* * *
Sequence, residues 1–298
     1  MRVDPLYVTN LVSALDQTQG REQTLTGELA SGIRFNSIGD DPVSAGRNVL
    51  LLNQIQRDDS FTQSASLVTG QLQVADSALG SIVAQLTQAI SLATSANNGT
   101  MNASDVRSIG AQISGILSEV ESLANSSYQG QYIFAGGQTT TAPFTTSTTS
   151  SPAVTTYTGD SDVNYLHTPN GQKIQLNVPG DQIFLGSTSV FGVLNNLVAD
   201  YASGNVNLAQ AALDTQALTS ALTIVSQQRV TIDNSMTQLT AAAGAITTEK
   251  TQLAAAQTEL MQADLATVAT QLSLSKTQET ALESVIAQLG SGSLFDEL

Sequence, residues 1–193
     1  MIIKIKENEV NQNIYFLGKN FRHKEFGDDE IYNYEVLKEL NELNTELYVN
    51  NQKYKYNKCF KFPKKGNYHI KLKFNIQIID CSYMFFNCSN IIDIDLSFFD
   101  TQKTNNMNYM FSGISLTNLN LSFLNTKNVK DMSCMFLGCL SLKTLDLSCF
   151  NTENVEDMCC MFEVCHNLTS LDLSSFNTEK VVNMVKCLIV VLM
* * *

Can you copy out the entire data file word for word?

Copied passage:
Sequence, residues 1–298
     1  MRVDPLYVTN LVSALDQTQG REQTLTGELA SGIRFNSIGD DPVSAGRNVL
    51  LLNQIQRDDS FTQSASLVTG QLQVADSALG SIVAQLTQAI SLATSANNGT
   101  MNASDVRSIG AQISGILSEV ESLANSSYQG QYIFAGGQTT TAPFTTSTTS
   151  SPAVTTYTGD SDVNYLHTPN GQKIQLNVPG DQIFLGSTSV FGVLNNLVAD
   201  YASGNVNLAQ AALDTQALTS ALTIVSQQRV TIDNSMTQLT AAAGAITTEK
   251  TQLAAAQTEL MQADLATVAT QLSLSKTQET ALESVIAQLG SGSLFDEL

Sequence, residues 1–193
     1  MIIKIKENEV NQNIYFLGKN FRHKEFGDDE IYNYEVLKEL NELNTELYVN
    51  NQKYKYNKCF KFPKKGNYHI KLKFNIQIID CSYMFFNCSN IIDIDLSFFD
   101  TQKTNNMNYM FSGISLTNLN LSFLNTKNVK DMSCMFLGCL SLKTLDLSCF
   151  NTENVEDMCC MFEVCHNLTS LDLSSFNTEK VVNMVKCLIV VLM